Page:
MUSIC; Sondheim's unease feels good

IT'S THE disturbance factor in Stephen Sondheim musicals - the lingering, after-hours emotional fall-out - that makes them bad box-office but mature art. And it was Company - premiered 25 years ago at the Alvin Theatre, New York and now in a new production at the Donmar Warehouse - which defined what that maturity was. A maturity of unknowing. Life, says Sondheim in his come-of-age way, isn't a clean sweep of happy endings or, alternatively, tragic loss. Nothing so comfortable. Our curtains come down nightly on unanswered questions, unresolved dilemmas, and the struggle to know even our own minds, let alone what other people think. And there you have the story of Company - although "story" is a strong word for something which is more a revue than a plotted narrative.

At its centre is Robert, primus inter pares in a tight ensemble of 14 characters (Company has no chorus) and an independent man in 1960s/70s Manhattan observing the relationships of his married friends with a mixture of fascination and resistance. He is 35, attractive, personable, and the pressure to settle down with a nice girl has reached crisis point. So, through the songs, he takes stock of why he is alone - by accident or choice? - and whether a relationship would make him happier.

The answer, of course, is that there is no answer. It's an equivocal piece with an ending that Sondheim periodically changes; you could say the same of the songs, which are fascinating to hear at long last in their original context. To my knowledge, Company hasn't had a professional staging in London since 1972, so the book isn't well known. But the songs - "Sorry/ Grateful", "Being Alive", "The Ladies who Lunch", "Barcelona" - have had an independent life, stopping enough Sondheim gala nights over the years to qualify as the secular hymnody of late 20th-century soul-searching. And more often than not we've been encouraged to hear them as affirmative statements, especially "Being Alive" which has become the feelgood anthem of Aids benefits the world over. But onstage, "Being Alive" isn't affirmative at all. It's riddled with anxiety, self-doubt, unrealised longing - and beautifully done at the Donmar by Adrian Lester who doesn't have a richly textured voice but uses what he has with an engaging artistry. All cutely passive charm and easy, off-the-wall intelligence, he must be the most sympathetic man in British music-theatre. It's an achievement to leave the show without falling in love with him - if only a little (to steal a Sondheimesque qualification).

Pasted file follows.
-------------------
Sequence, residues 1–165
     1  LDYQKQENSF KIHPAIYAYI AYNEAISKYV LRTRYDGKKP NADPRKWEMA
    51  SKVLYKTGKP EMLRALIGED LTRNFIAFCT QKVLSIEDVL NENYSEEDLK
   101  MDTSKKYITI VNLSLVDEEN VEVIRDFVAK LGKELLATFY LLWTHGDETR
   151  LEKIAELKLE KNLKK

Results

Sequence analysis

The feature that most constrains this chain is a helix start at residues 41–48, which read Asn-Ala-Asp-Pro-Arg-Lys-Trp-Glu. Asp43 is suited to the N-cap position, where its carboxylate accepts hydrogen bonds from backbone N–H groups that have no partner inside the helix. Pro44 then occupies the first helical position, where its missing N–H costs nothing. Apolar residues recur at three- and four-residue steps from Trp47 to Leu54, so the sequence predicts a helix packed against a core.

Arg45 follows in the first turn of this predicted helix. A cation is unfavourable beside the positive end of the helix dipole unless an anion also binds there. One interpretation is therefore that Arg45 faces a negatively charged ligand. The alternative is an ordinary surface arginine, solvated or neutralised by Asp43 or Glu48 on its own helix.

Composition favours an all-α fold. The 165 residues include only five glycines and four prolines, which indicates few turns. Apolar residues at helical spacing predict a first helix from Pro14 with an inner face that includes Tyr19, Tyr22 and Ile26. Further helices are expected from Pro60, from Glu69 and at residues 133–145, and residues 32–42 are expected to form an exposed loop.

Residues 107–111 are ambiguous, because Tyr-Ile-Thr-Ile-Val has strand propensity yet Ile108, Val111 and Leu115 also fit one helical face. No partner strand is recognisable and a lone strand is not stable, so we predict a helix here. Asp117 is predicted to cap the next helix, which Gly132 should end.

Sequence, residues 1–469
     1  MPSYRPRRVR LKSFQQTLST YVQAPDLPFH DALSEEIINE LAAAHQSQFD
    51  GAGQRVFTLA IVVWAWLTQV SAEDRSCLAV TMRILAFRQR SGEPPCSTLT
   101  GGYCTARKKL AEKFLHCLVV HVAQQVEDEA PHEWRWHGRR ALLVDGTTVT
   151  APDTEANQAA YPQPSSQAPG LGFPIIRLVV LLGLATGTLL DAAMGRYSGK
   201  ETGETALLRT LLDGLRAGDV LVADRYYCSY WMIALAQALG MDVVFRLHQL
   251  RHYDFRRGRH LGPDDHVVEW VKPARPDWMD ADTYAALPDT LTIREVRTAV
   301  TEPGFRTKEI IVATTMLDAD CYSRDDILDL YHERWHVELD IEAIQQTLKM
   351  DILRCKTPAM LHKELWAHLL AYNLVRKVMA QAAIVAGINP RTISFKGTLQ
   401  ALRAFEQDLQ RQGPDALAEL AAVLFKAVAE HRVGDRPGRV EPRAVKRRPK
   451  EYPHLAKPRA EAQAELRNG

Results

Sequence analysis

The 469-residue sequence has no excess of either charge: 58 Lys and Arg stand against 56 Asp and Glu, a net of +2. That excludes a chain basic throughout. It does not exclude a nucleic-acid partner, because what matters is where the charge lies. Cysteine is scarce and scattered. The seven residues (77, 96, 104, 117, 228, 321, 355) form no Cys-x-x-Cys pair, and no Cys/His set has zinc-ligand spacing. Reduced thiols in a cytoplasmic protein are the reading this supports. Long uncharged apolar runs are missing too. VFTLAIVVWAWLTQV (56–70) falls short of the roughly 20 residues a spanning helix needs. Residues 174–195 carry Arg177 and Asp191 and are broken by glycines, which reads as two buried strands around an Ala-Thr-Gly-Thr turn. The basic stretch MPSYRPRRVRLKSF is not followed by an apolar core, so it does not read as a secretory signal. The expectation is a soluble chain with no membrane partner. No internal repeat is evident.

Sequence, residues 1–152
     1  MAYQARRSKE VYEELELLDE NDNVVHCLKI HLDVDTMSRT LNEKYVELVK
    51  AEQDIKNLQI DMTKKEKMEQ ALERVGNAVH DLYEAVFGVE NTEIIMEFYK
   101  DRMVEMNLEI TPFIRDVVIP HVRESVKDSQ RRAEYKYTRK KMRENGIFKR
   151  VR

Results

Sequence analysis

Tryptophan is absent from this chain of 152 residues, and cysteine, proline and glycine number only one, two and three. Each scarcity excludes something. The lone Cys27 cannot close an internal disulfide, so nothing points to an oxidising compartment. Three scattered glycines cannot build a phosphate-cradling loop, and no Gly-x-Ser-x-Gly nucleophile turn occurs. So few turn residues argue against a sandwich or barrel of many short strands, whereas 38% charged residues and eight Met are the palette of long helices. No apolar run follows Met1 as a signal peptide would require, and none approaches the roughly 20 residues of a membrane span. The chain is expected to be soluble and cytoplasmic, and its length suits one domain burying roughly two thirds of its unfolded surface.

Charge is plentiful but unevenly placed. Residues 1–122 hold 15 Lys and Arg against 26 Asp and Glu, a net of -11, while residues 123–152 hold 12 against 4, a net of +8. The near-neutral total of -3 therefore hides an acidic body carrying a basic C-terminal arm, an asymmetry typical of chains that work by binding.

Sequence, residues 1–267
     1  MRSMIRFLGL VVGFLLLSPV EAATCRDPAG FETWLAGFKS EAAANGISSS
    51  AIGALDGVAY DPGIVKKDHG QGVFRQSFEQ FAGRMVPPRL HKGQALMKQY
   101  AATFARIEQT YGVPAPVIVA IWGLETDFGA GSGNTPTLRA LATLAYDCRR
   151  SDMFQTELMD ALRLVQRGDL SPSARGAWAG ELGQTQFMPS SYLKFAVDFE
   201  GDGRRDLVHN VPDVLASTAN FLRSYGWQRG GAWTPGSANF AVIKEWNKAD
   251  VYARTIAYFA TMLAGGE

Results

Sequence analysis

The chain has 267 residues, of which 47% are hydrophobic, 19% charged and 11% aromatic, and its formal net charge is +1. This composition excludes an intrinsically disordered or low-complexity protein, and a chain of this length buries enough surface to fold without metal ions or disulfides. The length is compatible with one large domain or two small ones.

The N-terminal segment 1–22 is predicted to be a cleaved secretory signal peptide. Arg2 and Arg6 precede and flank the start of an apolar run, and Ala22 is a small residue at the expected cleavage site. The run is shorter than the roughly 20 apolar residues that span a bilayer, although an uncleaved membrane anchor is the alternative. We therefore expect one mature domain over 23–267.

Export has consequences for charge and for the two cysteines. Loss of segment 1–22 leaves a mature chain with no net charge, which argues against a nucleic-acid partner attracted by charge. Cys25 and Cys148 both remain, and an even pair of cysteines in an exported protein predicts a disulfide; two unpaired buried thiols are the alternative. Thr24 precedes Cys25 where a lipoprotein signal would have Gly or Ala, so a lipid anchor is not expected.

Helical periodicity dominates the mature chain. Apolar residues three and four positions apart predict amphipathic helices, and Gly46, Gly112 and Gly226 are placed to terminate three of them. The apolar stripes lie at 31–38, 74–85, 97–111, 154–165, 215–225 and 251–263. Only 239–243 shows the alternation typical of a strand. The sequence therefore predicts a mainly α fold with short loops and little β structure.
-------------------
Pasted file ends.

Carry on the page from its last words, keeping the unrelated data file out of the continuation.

I must leave it to Robert Hanks (see page 13) to consider the drama of Sam Mendes's production; but as a musical experience it's stunning, with an energy and power that obscures the fact that (if you sit down and analyse it) the ratio of speech to song heavily favours the former. And part of the energy derives from the fact that the sound of Company has been discreetly updated. This show, inevitably, is a period piece, fixed in the 1960s/ 1970s. Its preoccupation with Manhattan marriageability feels like an encounter between Jane Austen and Neil Simon, and it's original scoring was replete with the spangled electronic sounds of 1960s urban music. But for 1995 the dialogue has been toned up (with a clear suggestion that Robert might be gay) and the music toned down. The cheesy, synthesised glissandi, for example, that punctuate the lines of "Sorry/Grateful" have been reallocated to an unsynthesised, almost pastorally post-modern oboe. And if such things sound de minimis in print, in actuality they make a difference: subtly but materially. Practising Sondheimites won't be disappointed - the piece is all there and more, with "Marry Me a Little", a song dropped from the canon long ago, reinstated - but neither will newcomers expecting a fresh show that speaks for today as much as for a quarter-century past. Company is one of the most intriguing, exhilarating and unsettling landmarks of modern lyric theatre; and what you hear and see at the Donmar serves it superbly well.